The day was kicked off with two online events: a workshop on the Interreg 2 Seas project Grassification and a webinar on the progress of the Bioeconomy Pilot of the Vanguard Initiative by Circular Biobased Delta.
Afterwards, a select group could participate in the by now traditional Biobased Safari. A physical tour along showcases of biobased building in Bergen op Zoom: from the Acoya wood bridge at Fort Ravelijn (softwood which, by processing with biobased chemistry, becomes strong like hardwood) to biobased concrete benches with elephant grass and hemp. And from the Zoomland viaduct with biocomposite reinforced with flax fibres to the now ‘invisible’ wattle fencing in the green Heide garden, in which biocomposite, Acoya and geotextile have been processed. The safari ended with a visit to the Plastic Application & Training Centre (KATC), an innovation centre in the field of biopolymers, located in the Delta Agrifood Business open innovation and expertise centre.
Chairwoman Sofie Dobbelaere guided the participants smoothly through the afternoon programme. More than 10 speakers demonstrated how far the biobased economy has progressed and in some areas has already become commonplace. For example, Wridzer Bakker, keynote speaker and former NFT-Award winner in 2018, told about the Plantics revolution. At the time, Plantics was a start-up that plunged into the market for bio-resins with 3 people full of good courage. The Arnhem-based company now has 35 employees and, together with Vepa from Drenthe, has won the nova Institute’s ‘Renewable Material of the Year Award 2021’, thanks to the jointly developed circular biobased bucket seat.
Joop Groen of Circular Biobased Delta (CBDD) discussed the CO2 targets in the south of the Netherlands (10 Mton less in 2030) and the biobased developments needed for this. Professor Rijk Blok from TU Eindhoven explained a study into bio-based building materials within the framework of the OP Zuid Living Lab. Leon Joore of the Natural Fibre Application Centre (NAC) gave a lecture on advanced fibre measurements. And Esther Stapper, cluster coordinator Green (re)building of CBBD, discussed developments regarding the application of circular and biobased materials in infrastructure projects.
Following the example of the Biobased Business Development Day of 2018, an auction round followed in which supply and demand were brought together in terms of, for example, applications, equipment and test opportunities. During the short break, there was an opportunity to visit the innovation market and network. Afterwards, Jan de Kruijff of the Province of North Brabant and Martijn Verschuren of contractor H4A spoke about their experiences with sustainable procurement (from the commissioning authority’s perspective) and sustainable tendering (from the contractor’s perspective).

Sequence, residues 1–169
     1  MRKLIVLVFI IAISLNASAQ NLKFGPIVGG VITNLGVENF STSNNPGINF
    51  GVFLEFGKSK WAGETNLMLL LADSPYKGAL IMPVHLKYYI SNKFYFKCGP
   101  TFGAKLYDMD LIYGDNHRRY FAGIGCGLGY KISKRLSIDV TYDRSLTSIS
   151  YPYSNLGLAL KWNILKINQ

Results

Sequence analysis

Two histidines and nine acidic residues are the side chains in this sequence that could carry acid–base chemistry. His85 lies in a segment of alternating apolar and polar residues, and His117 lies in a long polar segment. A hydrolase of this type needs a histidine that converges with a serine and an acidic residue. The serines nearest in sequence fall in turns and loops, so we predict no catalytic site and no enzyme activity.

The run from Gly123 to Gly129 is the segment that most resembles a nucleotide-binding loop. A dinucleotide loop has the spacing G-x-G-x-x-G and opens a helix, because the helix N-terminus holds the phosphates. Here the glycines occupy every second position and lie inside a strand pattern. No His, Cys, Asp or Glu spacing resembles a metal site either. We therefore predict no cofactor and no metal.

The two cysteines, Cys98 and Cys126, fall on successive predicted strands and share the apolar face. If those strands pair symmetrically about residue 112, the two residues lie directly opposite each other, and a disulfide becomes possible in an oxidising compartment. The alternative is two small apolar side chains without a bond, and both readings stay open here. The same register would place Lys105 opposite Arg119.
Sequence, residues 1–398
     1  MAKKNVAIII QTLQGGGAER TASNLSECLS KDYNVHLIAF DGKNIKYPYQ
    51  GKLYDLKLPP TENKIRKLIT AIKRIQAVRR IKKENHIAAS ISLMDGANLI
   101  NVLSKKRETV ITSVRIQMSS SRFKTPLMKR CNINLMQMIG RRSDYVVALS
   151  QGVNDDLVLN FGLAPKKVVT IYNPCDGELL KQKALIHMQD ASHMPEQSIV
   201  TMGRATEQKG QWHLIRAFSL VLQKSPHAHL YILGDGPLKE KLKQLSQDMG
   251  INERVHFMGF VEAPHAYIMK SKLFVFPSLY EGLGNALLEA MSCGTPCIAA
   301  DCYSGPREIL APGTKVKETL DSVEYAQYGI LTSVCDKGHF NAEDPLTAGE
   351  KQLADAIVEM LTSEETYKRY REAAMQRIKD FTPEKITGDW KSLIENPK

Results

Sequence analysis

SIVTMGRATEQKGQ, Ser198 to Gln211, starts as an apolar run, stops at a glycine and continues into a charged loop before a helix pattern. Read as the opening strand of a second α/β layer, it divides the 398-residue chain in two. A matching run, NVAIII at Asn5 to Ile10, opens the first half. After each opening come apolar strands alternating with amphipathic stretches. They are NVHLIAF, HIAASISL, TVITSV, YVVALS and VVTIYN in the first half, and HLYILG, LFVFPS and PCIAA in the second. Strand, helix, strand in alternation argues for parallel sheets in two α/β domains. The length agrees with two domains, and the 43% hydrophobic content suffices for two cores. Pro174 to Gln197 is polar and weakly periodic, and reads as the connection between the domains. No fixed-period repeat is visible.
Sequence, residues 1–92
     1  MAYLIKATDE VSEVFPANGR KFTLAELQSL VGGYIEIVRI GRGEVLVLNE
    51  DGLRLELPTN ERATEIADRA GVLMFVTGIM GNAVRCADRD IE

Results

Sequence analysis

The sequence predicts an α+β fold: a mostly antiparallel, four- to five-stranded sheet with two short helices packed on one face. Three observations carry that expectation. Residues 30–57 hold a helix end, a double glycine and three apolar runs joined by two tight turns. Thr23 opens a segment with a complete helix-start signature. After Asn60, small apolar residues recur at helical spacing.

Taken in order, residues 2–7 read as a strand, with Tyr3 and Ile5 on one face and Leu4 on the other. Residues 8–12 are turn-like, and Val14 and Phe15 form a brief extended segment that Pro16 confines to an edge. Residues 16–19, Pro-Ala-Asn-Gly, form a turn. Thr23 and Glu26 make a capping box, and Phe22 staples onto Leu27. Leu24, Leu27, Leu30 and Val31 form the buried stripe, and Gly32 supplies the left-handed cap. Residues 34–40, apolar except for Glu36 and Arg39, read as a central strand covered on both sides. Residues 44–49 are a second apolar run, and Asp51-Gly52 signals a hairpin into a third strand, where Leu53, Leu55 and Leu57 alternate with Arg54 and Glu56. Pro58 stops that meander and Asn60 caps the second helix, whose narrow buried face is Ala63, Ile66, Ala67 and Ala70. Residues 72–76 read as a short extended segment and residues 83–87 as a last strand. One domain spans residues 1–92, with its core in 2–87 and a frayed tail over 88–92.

Four companies were nominated for the NFT Award this year: Martens Keramiek from Oosterhout/Dinteloord with Kerloc 100% circular cladding, Circular Matters from Ghent with sheet material made from plant-based by-products, Poly Products from Werkendam with 3D printed circular biocomposite for maritime applications, developed in the Interreg 2 Seas project Seabiocomp and Cosun Beet Company with sugar packaging made from sugar beet pulp. The winner of the NFT Award 2021 was Martens Keramiek.
What is the conclusion of this fifth year of NFT? Sofie Dobbelaere (former director of Flanders Biobased Valley): “There is more attention for biobased. Motivation is rising, people are more open to it. There are also more funds available, from the EU among others. So we can see that things are moving and that we have already achieved a lot. At the same time, we still need much more innovation to achieve the climate targets. I therefore think that Natural Fibertastic has a very interesting future ahead of it.”
Watch the aftermovie with subtitles on the Agro&Chemistry YouTube Channel.
This article was written in cooperation with Circular Biobased Delta.